Not many people can say they have triumphed over the Pope but Tunisia’s National Dialogue Quartet can claim that they, indeed, beat out such beloved figures as Pope Francis and Germany’s Chancellor Angela Merkel to take this year’s Nobel Peace Prize for their extraordinary work in restoring Tunisia’s vision of democracy, which was first seeded in the Arab Spring of 2011.
According to NPR, the ”Quartet is a mix of civil society groups — labor, business, human rights and legal groups — whose leaders became mediators between Tunisia’s Islamists and secularists and saved their country from civil war.”
To give some historical context, NPR’s Leila Fadel reports that “Tunisia was the first country to revolt against authoritarian rule in the Middle East, and it set off a domino effect. And now it’s really the only country in the region that remains on a path to democracy.”
The Quartet called for a national dialogue between Islamist and secular politicians, and persuaded the Islamist Ennahda party to join in talks with the General Labor Union; the Tunisian Confederation of Industry, Trade and Handicrafts; the Tunisian Human Rights League; and the Tunisian Order of Lawyers. Professor Habib Kazdaghli of the University of Tunis says that the national debate “occurred only because it was preceded by a series of painstaking consultations and preliminary conversations with Tunisia’s various political factions.”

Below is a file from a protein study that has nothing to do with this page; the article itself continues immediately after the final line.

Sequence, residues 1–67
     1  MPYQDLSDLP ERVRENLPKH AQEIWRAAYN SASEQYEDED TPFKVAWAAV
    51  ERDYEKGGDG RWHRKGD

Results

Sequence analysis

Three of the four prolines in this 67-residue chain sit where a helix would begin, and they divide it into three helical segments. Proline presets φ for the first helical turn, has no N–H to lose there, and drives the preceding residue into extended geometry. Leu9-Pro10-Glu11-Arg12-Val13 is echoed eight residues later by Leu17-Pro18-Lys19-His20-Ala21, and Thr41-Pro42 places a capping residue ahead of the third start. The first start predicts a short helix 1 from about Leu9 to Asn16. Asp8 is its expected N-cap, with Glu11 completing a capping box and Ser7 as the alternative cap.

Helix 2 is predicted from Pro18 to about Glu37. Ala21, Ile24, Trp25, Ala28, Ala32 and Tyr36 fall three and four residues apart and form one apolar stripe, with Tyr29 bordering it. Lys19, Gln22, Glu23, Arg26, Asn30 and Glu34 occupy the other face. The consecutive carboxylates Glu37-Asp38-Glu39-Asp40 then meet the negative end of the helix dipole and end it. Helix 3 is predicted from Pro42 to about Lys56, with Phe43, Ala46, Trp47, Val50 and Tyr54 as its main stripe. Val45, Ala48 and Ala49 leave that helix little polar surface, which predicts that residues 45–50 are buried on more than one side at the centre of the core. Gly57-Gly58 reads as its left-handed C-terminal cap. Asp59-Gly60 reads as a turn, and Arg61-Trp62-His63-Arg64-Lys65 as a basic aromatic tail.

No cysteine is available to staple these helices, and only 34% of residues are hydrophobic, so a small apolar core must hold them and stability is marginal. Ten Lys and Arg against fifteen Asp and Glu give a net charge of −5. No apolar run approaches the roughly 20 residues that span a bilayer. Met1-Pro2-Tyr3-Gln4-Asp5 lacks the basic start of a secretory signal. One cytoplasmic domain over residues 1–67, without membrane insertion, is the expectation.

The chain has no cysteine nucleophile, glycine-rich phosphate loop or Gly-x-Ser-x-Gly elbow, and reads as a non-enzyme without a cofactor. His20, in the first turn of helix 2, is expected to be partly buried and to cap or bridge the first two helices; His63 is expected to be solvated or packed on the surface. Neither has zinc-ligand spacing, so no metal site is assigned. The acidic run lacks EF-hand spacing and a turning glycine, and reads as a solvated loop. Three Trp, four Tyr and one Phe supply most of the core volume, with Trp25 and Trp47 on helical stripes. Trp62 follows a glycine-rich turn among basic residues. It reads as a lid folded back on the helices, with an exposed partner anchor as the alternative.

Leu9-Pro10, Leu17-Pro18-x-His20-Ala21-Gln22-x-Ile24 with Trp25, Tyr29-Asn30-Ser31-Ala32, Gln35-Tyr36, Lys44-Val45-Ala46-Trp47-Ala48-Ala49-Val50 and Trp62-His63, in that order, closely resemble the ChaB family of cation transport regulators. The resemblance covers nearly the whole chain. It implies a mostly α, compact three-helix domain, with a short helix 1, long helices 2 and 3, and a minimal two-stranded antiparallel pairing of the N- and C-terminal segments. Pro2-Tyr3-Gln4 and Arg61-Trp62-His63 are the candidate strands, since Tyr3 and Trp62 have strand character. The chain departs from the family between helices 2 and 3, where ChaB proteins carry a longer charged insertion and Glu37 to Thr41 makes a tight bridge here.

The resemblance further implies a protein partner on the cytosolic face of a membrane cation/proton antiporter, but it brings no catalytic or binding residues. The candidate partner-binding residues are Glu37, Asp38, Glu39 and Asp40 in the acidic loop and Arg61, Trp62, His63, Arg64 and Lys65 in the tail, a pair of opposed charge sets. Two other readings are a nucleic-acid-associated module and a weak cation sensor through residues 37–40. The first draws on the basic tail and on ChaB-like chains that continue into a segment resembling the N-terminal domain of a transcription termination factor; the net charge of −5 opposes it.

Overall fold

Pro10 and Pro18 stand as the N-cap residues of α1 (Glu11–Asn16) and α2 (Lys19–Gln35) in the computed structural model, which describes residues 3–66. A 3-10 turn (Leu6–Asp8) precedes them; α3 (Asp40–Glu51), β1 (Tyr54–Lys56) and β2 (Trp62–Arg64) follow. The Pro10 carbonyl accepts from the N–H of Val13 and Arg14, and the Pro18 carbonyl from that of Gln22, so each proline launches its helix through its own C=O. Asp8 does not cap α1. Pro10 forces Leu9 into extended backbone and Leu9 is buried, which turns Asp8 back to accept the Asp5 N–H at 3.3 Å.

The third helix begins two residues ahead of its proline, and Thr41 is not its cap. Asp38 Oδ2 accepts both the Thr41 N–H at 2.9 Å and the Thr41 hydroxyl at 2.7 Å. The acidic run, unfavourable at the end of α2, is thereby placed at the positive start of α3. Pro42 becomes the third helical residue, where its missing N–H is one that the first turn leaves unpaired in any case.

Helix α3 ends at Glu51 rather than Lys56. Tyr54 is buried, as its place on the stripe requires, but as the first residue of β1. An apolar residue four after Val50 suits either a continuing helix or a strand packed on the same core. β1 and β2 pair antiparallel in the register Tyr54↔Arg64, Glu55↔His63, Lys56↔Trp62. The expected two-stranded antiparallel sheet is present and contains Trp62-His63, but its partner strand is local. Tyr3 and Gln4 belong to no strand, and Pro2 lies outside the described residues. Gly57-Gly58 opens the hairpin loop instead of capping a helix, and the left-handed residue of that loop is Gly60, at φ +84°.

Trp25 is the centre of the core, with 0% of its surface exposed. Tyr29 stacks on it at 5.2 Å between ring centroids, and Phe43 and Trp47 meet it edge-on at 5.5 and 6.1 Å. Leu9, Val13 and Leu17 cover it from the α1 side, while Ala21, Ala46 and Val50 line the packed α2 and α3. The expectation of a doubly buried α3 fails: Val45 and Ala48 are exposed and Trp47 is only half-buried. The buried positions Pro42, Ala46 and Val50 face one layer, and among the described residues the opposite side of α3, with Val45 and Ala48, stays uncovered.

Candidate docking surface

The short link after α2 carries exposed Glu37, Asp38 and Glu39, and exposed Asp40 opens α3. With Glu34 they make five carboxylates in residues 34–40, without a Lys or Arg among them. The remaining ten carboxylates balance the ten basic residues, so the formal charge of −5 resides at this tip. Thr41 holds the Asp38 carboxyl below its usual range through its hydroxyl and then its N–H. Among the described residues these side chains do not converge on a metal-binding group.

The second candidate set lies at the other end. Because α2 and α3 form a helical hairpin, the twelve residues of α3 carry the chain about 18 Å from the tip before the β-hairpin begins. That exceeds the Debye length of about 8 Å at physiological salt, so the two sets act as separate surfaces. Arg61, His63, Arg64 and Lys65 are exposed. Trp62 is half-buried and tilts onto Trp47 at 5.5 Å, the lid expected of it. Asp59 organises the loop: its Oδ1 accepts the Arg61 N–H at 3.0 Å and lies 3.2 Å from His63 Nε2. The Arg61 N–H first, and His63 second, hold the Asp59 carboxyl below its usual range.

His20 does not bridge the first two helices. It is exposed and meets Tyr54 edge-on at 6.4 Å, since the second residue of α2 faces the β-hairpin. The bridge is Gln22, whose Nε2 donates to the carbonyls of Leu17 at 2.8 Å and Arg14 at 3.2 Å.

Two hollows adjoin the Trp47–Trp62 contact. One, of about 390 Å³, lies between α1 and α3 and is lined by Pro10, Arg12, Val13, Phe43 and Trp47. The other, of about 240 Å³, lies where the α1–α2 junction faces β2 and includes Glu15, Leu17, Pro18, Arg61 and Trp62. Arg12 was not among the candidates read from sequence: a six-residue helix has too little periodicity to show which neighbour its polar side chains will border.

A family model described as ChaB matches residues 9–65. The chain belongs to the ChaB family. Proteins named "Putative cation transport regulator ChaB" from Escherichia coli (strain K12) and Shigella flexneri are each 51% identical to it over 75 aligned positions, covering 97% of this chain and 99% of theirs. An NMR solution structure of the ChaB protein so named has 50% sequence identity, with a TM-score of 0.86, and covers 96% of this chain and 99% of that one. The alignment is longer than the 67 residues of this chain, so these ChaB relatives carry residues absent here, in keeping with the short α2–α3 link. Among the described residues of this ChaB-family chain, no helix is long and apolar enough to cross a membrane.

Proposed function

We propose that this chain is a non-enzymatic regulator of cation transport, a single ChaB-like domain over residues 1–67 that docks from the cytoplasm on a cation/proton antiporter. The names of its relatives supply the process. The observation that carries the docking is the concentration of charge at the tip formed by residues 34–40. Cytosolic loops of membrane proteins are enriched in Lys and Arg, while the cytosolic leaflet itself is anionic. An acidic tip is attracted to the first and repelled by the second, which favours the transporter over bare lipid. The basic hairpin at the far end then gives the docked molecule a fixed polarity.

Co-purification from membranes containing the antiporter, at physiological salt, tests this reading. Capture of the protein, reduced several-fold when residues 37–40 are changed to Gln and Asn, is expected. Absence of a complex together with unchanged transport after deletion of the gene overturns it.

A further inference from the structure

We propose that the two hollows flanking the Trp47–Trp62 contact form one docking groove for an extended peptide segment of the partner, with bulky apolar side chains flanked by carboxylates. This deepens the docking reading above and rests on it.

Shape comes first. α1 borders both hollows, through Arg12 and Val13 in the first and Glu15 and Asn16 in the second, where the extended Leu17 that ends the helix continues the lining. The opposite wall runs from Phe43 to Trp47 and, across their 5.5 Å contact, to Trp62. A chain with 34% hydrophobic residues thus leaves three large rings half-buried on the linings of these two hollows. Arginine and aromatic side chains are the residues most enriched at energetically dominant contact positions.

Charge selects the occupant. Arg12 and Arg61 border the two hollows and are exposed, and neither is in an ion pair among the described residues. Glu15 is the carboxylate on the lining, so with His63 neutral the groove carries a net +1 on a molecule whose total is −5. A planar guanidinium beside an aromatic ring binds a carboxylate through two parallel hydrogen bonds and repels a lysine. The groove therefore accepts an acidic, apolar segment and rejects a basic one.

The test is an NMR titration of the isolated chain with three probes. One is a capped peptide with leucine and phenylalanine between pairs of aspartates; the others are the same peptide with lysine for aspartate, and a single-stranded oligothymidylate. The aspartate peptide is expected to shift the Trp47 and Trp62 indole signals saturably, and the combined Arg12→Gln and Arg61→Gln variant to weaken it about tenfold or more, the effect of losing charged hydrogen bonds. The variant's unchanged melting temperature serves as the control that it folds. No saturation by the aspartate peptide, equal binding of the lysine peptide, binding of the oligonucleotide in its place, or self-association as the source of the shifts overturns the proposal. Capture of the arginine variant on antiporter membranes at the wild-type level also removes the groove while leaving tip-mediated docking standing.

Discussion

The dialogue didn’t immediately stop the conflict in the country but it did establish an acceptance of the Quartet’s national road map which called for the existing government to resign and be replaced by technocrats, which, after months of negotiations, was eventually signed in December, 2013.
After learning that his Quartet won the prestigious award, Mohamed Fadhel Mahfoudh (who is also President of The Tunisian Order of Lawyers) commented, “I think this is a message to the world, to all the countries, to all the people that are aiming for democracy and peace, that everything can be solved by dialogue.”